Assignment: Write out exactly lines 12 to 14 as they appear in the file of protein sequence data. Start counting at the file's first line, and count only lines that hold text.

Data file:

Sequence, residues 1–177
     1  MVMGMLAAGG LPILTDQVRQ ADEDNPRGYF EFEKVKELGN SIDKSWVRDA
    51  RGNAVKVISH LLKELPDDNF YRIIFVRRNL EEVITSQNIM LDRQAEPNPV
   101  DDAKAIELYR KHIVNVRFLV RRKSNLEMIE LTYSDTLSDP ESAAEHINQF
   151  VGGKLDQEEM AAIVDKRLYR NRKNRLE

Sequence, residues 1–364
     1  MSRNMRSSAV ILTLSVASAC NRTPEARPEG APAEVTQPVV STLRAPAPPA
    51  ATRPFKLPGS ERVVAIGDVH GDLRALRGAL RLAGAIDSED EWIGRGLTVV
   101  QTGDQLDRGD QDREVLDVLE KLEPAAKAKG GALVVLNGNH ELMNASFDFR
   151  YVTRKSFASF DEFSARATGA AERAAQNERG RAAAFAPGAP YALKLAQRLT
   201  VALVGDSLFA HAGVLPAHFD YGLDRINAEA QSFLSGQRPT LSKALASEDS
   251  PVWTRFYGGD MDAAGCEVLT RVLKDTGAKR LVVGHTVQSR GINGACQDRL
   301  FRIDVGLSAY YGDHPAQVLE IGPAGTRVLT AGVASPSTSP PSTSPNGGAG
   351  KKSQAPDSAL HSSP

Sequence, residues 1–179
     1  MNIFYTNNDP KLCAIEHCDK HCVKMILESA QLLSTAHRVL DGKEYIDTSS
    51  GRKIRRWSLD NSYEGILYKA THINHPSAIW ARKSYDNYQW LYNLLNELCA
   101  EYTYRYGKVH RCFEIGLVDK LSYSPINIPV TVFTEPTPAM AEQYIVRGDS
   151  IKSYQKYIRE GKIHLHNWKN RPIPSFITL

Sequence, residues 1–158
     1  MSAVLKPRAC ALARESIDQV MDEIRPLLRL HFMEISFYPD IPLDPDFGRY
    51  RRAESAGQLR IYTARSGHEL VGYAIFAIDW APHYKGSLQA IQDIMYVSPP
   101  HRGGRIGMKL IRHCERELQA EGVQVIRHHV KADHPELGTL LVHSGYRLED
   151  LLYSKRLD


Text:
   251  PVWTRFYGGD MDAAGCEVLT RVLKDTGAKR LVVGHTVQSR GINGACQDRL
   301  FRIDVGLSAY YGDHPAQVLE IGPAGTRVLT AGVASPSTSP PSTSPNGGAG
   351  KKSQAPDSAL HSSP